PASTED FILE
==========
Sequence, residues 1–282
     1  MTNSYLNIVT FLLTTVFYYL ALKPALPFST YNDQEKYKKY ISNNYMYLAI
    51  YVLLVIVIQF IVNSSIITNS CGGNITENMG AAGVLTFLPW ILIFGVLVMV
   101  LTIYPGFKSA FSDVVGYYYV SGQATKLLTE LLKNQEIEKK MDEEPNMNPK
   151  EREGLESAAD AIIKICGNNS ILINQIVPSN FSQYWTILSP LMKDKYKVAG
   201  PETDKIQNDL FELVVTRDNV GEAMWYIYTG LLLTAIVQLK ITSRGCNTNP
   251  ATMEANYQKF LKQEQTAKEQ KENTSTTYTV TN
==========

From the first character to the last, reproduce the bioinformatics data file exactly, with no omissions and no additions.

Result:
Sequence, residues 1–282
     1  MTNSYLNIVT FLLTTVFYYL ALKPALPFST YNDQEKYKKY ISNNYMYLAI
    51  YVLLVIVIQF IVNSSIITNS CGGNITENMG AAGVLTFLPW ILIFGVLVMV
   101  LTIYPGFKSA FSDVVGYYYV SGQATKLLTE LLKNQEIEKK MDEEPNMNPK
   151  EREGLESAAD AIIKICGNNS ILINQIVPSN FSQYWTILSP LMKDKYKVAG
   201  PETDKIQNDL FELVVTRDNV GEAMWYIYTG LLLTAIVQLK ITSRGCNTNP
   251  ATMEANYQKF LKQEQTAKEQ KENTSTTYTV TN